If you're seeing this message, it means we're having trouble loading external resources on our website.

If you're behind a web filter, please make sure that the domains *.kastatic.org and *.kasandbox.org are unblocked.

Main content
Current time:0:00Total duration:5:34

Video transcript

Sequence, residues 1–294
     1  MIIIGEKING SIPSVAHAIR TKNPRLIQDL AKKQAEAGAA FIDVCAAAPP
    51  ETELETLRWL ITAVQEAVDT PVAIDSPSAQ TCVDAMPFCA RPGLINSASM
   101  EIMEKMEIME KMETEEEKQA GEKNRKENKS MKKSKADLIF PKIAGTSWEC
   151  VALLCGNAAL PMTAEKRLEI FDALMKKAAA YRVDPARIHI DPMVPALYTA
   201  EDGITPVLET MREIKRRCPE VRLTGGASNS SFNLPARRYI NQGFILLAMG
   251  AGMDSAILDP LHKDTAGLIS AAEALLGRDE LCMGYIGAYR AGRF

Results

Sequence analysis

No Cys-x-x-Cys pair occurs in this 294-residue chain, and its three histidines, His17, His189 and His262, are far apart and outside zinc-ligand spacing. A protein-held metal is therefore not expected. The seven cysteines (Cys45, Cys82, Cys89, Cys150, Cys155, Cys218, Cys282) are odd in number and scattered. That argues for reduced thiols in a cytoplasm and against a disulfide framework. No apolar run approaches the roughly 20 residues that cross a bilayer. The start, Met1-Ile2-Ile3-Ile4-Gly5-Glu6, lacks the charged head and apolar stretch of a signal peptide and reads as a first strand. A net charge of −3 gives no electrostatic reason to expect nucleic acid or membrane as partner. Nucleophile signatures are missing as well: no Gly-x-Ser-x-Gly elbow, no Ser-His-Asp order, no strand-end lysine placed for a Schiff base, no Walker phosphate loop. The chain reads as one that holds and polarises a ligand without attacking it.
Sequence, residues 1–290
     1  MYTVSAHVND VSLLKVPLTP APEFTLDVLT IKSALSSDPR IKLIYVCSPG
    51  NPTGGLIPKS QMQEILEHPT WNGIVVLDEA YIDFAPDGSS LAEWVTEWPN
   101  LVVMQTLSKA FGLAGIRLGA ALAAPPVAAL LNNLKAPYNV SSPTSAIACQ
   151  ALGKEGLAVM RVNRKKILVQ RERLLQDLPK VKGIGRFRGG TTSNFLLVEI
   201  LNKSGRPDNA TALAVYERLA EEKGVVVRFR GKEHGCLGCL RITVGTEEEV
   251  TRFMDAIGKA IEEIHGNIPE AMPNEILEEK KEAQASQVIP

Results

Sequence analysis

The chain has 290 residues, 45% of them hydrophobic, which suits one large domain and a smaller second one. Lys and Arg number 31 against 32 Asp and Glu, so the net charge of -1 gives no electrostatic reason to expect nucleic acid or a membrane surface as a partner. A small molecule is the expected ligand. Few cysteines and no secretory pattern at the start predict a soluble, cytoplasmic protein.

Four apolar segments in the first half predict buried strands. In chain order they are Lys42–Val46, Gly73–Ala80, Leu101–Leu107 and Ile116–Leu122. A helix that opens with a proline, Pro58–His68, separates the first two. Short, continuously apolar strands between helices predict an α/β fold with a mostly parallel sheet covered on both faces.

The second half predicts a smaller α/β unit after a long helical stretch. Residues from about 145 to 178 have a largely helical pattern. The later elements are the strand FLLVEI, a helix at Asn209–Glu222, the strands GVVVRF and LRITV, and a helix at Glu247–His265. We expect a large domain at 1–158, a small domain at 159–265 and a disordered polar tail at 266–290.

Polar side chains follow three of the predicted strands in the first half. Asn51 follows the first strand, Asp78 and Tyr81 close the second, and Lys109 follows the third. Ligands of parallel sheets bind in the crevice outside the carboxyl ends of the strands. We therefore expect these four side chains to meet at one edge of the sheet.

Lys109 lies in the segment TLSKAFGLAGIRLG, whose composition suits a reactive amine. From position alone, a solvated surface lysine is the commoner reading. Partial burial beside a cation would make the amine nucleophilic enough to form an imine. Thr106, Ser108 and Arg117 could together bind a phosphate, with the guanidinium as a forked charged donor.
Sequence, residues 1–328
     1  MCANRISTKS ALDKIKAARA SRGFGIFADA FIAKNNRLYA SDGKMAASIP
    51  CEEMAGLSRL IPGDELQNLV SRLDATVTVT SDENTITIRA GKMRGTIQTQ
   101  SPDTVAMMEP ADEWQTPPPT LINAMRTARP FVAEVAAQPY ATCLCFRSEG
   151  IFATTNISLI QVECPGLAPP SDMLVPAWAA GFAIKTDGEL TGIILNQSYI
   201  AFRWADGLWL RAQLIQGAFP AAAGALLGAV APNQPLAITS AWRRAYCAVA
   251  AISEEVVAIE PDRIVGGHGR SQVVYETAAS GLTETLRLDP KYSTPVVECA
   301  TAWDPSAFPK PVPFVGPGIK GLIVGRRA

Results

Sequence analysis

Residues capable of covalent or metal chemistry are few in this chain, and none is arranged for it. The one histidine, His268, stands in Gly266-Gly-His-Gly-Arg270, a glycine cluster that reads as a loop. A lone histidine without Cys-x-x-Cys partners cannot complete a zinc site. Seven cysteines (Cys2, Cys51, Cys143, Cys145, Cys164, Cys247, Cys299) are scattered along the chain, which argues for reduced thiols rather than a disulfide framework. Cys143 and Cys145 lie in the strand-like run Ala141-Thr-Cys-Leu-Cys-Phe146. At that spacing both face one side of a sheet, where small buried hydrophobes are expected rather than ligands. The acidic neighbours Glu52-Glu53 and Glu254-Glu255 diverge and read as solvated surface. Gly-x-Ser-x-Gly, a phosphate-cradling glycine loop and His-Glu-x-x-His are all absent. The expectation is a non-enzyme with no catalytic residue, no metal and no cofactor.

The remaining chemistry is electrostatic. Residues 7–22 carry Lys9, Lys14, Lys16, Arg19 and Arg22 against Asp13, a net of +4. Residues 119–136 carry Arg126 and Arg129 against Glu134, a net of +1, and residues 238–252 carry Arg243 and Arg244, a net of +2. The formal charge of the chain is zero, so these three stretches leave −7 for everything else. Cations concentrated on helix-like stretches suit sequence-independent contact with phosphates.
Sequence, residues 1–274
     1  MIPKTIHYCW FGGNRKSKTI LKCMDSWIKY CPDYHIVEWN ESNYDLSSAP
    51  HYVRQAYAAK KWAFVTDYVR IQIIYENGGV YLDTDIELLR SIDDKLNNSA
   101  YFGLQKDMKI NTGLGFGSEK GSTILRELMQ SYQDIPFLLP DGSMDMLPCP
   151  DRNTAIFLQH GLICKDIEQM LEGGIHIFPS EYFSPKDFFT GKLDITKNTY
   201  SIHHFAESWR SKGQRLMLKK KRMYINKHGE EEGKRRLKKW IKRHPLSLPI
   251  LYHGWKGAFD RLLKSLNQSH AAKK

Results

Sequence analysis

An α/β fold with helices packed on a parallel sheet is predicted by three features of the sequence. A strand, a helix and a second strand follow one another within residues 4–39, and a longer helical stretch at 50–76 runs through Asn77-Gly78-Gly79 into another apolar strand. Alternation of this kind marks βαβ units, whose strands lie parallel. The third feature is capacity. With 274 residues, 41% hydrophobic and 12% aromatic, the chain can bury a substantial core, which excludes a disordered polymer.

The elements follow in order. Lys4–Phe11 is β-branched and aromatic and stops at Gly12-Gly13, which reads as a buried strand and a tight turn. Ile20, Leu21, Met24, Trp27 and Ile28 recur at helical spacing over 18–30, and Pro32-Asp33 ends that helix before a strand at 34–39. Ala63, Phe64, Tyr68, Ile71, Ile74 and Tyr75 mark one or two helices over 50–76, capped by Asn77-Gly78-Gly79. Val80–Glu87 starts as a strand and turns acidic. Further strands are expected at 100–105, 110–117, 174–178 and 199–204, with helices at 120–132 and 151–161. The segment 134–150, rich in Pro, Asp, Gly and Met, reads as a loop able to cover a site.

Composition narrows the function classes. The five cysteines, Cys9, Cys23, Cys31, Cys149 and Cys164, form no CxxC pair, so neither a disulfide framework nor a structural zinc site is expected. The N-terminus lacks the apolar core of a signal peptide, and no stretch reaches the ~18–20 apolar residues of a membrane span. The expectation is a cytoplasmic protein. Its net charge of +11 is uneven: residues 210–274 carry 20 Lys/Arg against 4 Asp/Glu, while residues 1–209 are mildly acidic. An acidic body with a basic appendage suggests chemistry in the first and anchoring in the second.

so I want to talk about non cyanotic heart disease but before I do that let's do a quick review of blood flow through the heart so blood is coming back from the rest of the body and as it's coming back it is going to be deoxygenated because you know the body was using up all the oxygen and now it's sending the blood back to the heart and it hardly has any oxygenate its it actually is deoxygenated so this is going to be coming back to the right side of the heart and from that right side as the heart is beating it is going to send the blood the deoxygenated blood via these vessels and they're gonna go to the lungs and it's a good thing that they're going to the lungs because here's what's happening in the lungs as it's passing through these little vessels that we call pulmonary capillaries as it's passing through those capillaries it's gonna pick up something that's very important and the thing that it's gonna pick up is oxygen and as it picks up that oxygen you'll see that it kind of becomes a brighter red color a brightest red color before it was very dark but as it's picking up that oxygen it is it is it is changing color to where it's kind of bright red and then that blood is gonna come back to the left side of the heart and it's gonna go through the left side of the heart and as the heart beats it's gonna send that oxygenated blood now throughout the rest of the body so this is that blood it's going through all of these vessels and it's going throughout the body which makes sense it's delivering the oxygen to the body now here's the thing you want to have this separation you want the the right side to have your deoxygenated blood so that it can go to the lungs and then come back for your this left side so that that can then go in it's oxygenated form to the body now in individuals that are born with non cyanotic heart disease there is some kind of a defect and I'm showing a defect here where there's a hole in the heart and that defect allows for of course blood is going to pass through that hole even though that's not you want the blood to pass if the hole is there and the heart is beating the the muscle is contracting its gonna send blood through that opening but the question is which direction is the blood going to flow and to answer that question let's just think logically about what's happening here on the right side this side of the heart is beating when the heart is beating this side is sending blood it's not going far distance it's going right next door to the lungs to come back to the left side but when the left side contracts when that beats it's sending blood all throughout the body it's going to the head it's going to the neck it's going to the arms and the and the legs and all throughout the body and this has to do significantly more work you can see here that the muscle here is significantly thicker on the left side than we have on the right side and as a result of their as a result of that we're going to have significantly more pressure over here and if you have more pressure over here that is gonna squeeze the blood through that opening and it's gonna go from the left side to the right side and that's exactly what we have with non cyanotic heart defect it's a congenital disease and congenital just means that that individual is born with it that causes blood to shunt from left to right okay so what's what's the problem here okay so we have blood that's shunting from left to right because we have a hole in the heart and you often hear about a hole in the heart and you wonder maybe okay that must be bad right well let's think about what's happening let's get back to that color that we were using before what kind of blood do we have over here on the left well it's oxygenated blood and if some of that squeeze squeezes through that little opening and gets into the left side okay yeah that that oxygenated blood is gonna go back to the lungs and and as it goes back to the lungs with the rest of the blood they're gonna be picking up oxygen and and and then that's gonna go back to the the right side of the heart as we expect it to go and then it's gonna go to the body some of it might go back through is that a real problem well yeah usually when we have individuals with a small hole in the heart its asymptomatic because what we're doing is we're just sending oxygenated blood back to the lungs that is not efficient this is not an efficient system but it's still functional the oxygen levels are going to be adequate for normal function and of course the the body needs oxygen in order to to do all of the things that need to be done so that you can have the energy that it needs and with this oxygenated blood that's going back yeah if we still end up with normal levels of oxygenation on this right side so it's going to be asymptomatic and it doesn't matter if the hole is down here or up here or up here the fact is you have higher pressure on the right on the left side sorry and that is going to always overpower the lower pressure on the right side so you will always have that left to right shunting and that is in non cyanotic heart disease